Boxing Day: Wozniacki ousts Schiavone in Australia

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MELBOURNE, AUSTRALIA (AP) - Caroline Wozniacki showed her fighting spirit Tuesday on center court and then dealt a knockout punch to the tall tale of the kangaroo that briefly upstaged her tennis at the Australian Open.

Literally.

After surviving a scare against Francesca Schiavone to reach the semifinals, Wozniacki walked into her news conference wearing boxing gloves and holding a large, inflatable kangaroo.

The charm offensive continued. This one was aimed at Australians, who have a special affinity with the boxing kangaroo symbol that represents the spirit of their national sports teams.

“Now, I’m actually ready to fight,” said Wozniacki, threatening the toy kangaroo with a left hook before she removed her gloves and flashed her trademark smile.

The 20-year-old Dane rallied from one set and a break down to beat French Open champion Schiavone 3-6, 6-3, 6-3. The victory not only put her into the final four but secured her No. 1 ranking.

This is Wozniacki’s first Grand Slam as No. 1, and she has faced constant questions about whether she deserved the ranking without having won a major. The subject prompted a series of entertaining news conferences.

The first one, after her third-round victory, was a sort of self-declared coming out party. Wozniacki announced that she wanted to overturn a perception that she was boring and turned the tables on the media by playfully blaming reporters for asking dull questions. She invited more interesting questions, which she answered lightheartedly _ on her taste in men, her family, her piano skills and how to stop global warming.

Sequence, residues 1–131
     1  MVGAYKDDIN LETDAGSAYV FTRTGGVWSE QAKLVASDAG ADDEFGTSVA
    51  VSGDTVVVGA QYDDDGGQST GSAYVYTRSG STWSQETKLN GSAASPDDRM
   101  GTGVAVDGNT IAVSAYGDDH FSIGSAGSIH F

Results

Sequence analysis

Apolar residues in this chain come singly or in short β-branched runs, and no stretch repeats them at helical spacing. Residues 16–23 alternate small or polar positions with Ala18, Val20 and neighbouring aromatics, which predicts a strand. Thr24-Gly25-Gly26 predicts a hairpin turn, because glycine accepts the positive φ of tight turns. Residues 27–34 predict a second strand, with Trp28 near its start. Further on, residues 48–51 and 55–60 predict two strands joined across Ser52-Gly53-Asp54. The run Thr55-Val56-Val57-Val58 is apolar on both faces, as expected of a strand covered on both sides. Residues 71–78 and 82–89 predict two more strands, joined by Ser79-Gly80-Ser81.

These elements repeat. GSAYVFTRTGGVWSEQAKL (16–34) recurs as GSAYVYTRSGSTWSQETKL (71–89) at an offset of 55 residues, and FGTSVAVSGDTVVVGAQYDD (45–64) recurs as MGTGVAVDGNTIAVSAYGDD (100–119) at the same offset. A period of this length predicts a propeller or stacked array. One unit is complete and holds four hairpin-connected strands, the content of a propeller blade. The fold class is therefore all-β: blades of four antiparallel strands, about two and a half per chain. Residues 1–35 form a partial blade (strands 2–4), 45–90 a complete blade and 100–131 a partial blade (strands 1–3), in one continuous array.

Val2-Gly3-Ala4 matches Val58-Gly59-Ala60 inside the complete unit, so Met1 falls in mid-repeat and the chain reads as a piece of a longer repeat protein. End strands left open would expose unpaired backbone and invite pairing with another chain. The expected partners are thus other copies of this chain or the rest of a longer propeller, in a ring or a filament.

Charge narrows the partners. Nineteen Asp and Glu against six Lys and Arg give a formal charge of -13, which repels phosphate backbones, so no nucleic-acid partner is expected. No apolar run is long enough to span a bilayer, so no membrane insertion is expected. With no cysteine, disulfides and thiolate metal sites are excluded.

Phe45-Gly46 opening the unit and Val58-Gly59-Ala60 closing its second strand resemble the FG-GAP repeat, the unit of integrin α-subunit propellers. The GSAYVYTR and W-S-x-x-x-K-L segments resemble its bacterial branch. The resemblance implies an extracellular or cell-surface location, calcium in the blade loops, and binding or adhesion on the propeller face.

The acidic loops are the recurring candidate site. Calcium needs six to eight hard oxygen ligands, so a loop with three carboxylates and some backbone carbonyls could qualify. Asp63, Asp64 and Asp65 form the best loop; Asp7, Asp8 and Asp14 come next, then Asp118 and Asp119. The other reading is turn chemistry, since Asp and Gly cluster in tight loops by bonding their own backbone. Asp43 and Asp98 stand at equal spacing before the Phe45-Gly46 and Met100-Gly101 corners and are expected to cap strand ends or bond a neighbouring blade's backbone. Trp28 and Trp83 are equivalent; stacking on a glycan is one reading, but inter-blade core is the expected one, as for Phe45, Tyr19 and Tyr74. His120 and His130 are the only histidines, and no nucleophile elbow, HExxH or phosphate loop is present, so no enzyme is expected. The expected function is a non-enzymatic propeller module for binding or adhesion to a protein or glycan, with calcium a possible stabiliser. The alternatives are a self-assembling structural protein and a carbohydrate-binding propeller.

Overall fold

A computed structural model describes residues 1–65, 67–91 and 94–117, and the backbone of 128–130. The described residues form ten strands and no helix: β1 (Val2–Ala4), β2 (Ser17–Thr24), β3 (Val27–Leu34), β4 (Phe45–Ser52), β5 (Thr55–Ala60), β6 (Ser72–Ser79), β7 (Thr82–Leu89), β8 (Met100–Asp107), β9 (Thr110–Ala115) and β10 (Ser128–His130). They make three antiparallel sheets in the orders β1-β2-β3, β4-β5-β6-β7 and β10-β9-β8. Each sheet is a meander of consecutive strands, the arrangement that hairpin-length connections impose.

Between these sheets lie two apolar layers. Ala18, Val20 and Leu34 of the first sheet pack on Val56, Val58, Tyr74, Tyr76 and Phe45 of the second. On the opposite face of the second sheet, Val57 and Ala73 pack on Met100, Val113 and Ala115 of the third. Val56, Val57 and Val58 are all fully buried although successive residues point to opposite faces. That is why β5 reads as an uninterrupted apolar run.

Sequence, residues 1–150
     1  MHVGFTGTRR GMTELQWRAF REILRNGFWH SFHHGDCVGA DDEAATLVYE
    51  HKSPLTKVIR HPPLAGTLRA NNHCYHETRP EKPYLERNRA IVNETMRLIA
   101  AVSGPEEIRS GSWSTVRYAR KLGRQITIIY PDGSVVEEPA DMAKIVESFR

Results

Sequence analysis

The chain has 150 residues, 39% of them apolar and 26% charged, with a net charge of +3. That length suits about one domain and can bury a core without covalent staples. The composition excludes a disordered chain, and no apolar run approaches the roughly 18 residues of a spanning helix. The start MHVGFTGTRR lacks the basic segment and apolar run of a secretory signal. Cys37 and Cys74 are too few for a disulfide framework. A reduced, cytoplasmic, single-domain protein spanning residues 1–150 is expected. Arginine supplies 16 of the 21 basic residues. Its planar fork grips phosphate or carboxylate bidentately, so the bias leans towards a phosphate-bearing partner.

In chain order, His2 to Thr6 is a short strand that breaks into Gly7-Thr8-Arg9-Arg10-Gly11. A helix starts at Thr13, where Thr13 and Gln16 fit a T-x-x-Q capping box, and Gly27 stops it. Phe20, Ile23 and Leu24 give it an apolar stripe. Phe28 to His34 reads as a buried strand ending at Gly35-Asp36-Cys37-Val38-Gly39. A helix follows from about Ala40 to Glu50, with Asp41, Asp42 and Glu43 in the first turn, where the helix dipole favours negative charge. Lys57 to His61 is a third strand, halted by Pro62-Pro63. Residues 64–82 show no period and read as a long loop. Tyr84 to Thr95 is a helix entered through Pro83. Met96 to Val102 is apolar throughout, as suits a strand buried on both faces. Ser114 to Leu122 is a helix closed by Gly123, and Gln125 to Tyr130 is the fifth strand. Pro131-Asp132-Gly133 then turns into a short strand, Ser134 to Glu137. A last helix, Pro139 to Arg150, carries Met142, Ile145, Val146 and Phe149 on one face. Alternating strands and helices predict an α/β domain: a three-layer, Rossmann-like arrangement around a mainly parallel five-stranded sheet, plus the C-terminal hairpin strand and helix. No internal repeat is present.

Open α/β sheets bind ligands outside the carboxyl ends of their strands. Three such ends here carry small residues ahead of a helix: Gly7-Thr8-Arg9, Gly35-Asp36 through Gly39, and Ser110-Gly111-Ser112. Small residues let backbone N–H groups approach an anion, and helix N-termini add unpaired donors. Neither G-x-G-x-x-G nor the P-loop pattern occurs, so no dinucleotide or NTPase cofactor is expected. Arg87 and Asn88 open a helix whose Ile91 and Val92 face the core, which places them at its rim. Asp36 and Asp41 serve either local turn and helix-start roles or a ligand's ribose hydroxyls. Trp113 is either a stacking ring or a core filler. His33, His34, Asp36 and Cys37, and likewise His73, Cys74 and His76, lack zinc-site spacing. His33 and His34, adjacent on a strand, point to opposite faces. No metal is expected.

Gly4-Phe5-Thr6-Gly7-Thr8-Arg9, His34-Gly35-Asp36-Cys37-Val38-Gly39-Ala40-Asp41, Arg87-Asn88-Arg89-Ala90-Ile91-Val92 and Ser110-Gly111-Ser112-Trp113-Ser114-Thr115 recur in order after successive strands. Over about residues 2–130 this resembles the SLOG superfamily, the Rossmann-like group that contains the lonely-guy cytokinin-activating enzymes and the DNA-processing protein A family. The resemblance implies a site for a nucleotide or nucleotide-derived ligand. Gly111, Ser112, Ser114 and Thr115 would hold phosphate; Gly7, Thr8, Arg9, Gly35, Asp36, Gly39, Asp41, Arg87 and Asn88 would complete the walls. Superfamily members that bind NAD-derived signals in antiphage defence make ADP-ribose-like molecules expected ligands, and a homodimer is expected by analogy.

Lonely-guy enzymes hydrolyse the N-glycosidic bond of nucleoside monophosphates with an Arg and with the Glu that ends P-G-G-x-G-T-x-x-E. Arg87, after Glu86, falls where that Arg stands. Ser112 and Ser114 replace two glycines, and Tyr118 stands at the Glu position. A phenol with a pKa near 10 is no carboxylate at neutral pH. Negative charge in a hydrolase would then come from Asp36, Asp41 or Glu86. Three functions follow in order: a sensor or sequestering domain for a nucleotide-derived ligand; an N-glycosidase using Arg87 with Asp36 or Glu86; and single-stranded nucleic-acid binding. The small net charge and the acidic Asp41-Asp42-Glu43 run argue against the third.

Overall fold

A star was born _ until the next round, when it dimmed. On Sunday, she announced that a cut on her shin was the result of an encounter with a kangaroo in a public park. The story was instantly published, and then retracted a few hours later when Wozniacki called another news conference to say she was just kidding.

“You know,” she said. “That’s my blonde. Sometimes that happens.”

Cut to Tuesday when Wozniacki was truly tested for the first time on the court. She had cruised through to her quarterfinal without dropping a set and needing a total of only 5 1/2 hours in four matches.

Schiavone’s passage to the quarterfinal was more difficult. The sixth-seeded Italian’s previous round against 2009 French Open winner Svetlana Kuznetsova lasted 4 hours, 44 minutes and set a Grand Slam record for the longest women’s singles match. It meant Schiavone entered the quarterfinals drained from a combined 11 hours of tennis.

But the 30-year-old Schiavone took a strong early lead against the well-rested Wozniacki. She sent the No. 1-player in futile pursuit of short shots, deep shots, sideline zingers and showed no wear from her earlier marathon.

Trailing a set and a break at 3-1 down in the second set, Wozniacki won the next six games straight. The final set began with a string of service breaks from both players. Wozniacki prevailed despite some shaky moments at the end, when Schiavone saved three match points.

The match ended with a dramatic pause. On the fourth match point, Schiavone hit a backhand return down the sideline that the linesperson called in. The chair umpire overruled the call, which Wozniacki challenged and won when the high-tech “Hawkeye” replay system showed it had just landed out.

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